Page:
than unknowns. This is going to be a not well
constrained solution. You're not going to have just
one point in R4 that solves this equation. You're going to have
multiple points. Let's solve for our pivot
variables, because that's all we can solve for. This equation tells us, right
here, it tells us x3, let me do it in a good color, x3
is equal to 5 plus 2x4. Then we get x1 is equal to
2 minus x2, 2 minus 2x2. 2 minus 2x2 plus, sorry,
minus 3x4. I just subtracted these from
both sides of the equation. This right here is essentially
as far as we can go to the solution of this system
of equations. I can pick, really, any values
for my free variables. I can pick any values for my
x2's and my x4's and I can solve for x3. What I want to do right now is
write this in a slightly different form so we can
visualize a little bit better. Of course, it's always hard to
visualize things in four dimensions. So we can visualize things a
little bit better, as to the set of this solution. Let's write it this way. If I were to write it in vector
form, our solution is the vector x1, x3, x3, x4. What is it equal to? Well it's equal to-- let
me write it like this. It's equal to-- I'm just
rewriting, I'm just essentially rewriting this
solution set in vector form. So x1 is equal to 2-- let
me write a little column there-- plus x2. Let me write it this way. Plus x2 times something plus
x4 times something. x1 is equal to 2 minus 2 times
x2, or plus x2 minus 2. I put a minus 2 there. I can say plus x4
times minus 3. I can put a minus 3 there. This right here, the first
entries of these vectors literally represent that
equation right there. x1 is equal to 2 plus x2 times minus
2 plus x4 times minus 3. What does x3 equal? x3 is equal to 5. Put that 5 right there. Plus x4 times 2. x2 doesn't apply to it. We can just put a 0. 0 times x2 plus 2 times x4. Now what does x2 equal? You could say, x2 is equal
to 0 plus 1 times x2 plus 0 times x4. x2 is just equal to x2. It's a free variable. Similarly, what does
x4 equal to? x4 is equal to 0 plus 0 times
x2 plus 1 times x4. What does this do for us? Well, all of a sudden here,
we've expressed our solution set as essentially the linear
combination of the linear combination of three vectors. This is a vector. You can view it as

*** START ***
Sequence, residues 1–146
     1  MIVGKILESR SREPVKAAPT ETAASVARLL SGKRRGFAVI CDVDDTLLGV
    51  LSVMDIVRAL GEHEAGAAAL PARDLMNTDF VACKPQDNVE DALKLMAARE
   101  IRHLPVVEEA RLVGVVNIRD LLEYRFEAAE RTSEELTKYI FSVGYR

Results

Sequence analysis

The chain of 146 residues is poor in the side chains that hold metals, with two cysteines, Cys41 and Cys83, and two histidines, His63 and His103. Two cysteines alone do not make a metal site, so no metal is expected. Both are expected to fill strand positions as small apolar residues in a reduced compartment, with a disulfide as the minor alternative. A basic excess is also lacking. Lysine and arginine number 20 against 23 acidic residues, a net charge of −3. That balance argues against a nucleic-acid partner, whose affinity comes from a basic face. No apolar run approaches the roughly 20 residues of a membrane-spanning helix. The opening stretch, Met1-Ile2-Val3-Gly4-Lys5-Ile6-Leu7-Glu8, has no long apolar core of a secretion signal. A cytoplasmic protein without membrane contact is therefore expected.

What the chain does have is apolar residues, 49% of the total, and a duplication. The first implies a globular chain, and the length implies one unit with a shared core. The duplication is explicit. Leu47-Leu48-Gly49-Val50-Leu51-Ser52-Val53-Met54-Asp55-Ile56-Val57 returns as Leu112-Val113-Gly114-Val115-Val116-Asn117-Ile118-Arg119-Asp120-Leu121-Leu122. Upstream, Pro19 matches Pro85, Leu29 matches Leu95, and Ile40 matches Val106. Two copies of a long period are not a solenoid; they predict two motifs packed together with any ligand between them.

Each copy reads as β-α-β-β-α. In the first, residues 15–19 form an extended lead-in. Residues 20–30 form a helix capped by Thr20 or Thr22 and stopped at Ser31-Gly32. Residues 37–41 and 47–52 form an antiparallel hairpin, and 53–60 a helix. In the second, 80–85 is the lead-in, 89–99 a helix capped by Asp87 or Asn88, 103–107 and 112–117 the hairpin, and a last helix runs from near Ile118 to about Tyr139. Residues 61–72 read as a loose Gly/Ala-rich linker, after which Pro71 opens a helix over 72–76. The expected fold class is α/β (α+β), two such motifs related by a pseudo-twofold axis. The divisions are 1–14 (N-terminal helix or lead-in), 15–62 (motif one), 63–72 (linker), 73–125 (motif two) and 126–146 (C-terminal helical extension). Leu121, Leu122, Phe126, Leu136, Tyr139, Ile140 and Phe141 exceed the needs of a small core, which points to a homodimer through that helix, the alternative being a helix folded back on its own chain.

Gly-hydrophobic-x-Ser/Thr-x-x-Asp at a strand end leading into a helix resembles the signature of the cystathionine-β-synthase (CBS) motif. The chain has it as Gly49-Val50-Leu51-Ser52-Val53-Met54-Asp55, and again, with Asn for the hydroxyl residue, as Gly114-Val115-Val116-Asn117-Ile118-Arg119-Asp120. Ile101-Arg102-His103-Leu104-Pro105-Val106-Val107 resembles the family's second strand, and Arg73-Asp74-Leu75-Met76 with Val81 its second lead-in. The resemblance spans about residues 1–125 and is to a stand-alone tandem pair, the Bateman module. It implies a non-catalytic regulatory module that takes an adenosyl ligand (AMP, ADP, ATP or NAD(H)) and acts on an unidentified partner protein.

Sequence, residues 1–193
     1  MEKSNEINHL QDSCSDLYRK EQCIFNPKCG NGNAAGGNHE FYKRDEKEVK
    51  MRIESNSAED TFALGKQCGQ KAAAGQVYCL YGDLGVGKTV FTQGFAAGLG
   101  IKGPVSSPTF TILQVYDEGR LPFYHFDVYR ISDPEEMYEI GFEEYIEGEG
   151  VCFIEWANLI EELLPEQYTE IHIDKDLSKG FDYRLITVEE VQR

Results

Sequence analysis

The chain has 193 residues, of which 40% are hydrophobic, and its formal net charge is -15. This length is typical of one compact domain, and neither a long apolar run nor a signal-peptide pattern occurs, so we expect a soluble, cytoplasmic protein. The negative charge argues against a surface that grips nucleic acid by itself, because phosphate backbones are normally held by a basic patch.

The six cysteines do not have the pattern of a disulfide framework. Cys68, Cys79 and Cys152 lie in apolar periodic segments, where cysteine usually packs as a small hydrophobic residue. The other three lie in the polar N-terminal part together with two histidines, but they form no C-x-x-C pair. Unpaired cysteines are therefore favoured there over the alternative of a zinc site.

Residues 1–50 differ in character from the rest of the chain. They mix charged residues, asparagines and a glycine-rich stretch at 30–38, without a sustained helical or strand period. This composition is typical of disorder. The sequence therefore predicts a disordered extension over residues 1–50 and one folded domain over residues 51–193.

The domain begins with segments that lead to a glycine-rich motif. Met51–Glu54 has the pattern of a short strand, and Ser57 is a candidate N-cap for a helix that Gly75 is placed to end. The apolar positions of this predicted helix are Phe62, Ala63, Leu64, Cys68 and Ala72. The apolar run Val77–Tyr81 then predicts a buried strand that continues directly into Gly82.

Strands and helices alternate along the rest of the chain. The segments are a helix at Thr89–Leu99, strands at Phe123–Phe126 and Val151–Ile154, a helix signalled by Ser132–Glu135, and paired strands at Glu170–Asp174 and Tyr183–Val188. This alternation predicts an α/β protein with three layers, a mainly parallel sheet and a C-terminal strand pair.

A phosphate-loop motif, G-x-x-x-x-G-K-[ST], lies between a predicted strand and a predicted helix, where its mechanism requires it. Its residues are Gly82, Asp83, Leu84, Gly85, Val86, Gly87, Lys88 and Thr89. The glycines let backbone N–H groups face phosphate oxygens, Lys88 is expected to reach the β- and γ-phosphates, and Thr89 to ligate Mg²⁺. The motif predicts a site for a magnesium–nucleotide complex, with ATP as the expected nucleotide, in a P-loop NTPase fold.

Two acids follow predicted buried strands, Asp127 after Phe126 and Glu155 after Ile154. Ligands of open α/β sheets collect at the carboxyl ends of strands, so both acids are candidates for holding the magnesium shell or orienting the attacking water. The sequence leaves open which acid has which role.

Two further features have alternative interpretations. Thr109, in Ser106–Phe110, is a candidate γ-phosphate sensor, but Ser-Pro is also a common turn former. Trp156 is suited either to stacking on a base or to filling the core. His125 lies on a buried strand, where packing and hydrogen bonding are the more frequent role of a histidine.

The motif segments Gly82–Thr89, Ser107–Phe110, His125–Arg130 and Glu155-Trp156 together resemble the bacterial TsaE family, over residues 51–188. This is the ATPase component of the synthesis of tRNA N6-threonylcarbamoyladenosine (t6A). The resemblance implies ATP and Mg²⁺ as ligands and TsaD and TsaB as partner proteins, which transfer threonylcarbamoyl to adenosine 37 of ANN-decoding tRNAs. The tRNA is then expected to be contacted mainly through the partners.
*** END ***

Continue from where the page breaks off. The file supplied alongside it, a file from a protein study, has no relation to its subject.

a coordinate. Either a position vector. It is a vector in R4. You can view it as a position
vector or a coordinate in R4. You could say, look, our
solution set is essentially-- this is in R4. Each of these have four
components, but you can imagine it in r3. That my solution set
is equal to some vector, some vector there. That's the vector. Think of it is as a
position vector. It would be the coordinate
2, 0, 5, 0. Which obviously, this is four
dimensions right there. It's equal to multiples
of these two vectors. Let's call this vector,
right here, let's call this vector a. Let's call this vector,
right here, vector b. Our solution set is all of this
point, which is right there, or I guess we could call
it that position vector. That position vector will
look like that. Where you're starting at the
origin right there, plus multiples of these two guys. If this is vector a, let's do
vector a in a different color. Vector a looks like that. Let's say vector a looks like
that, and then vector b looks like that. This is vector b, and
this is vector a. I don't know if this is going to
be easier or harder for you to visualize, because obviously
we are dealing in four dimensions right here, and
I'm just drawing on a two dimensional surface. What you can imagine is, is that
the solution set is equal to this fixed point, this
position vector, plus linear combinations of a and b. We're dealing, of
course, in R4. Let me write that down. We're dealing in R4. But linear combinations
of a and b are going to create a plane. You can multiply a times 2,
and b times 3, or a times minus 1, and b times
minus 100. You can keep adding and
subtracting these linear combinations of a and b. They're going to construct
a plane that contains the position vector, or contains
the point 2, 0, 5, 0. The solution for these three
equations with four unknowns, is a plane in R4. I know that's really hard to
visualize, and maybe I'll do another one in three
dimensions. Hopefully this at least gives
you a decent understanding of what an augmented matrix is,
what reduced row echelon form is, and what are the valid
operations I can perform on a matrix without messing
up the system.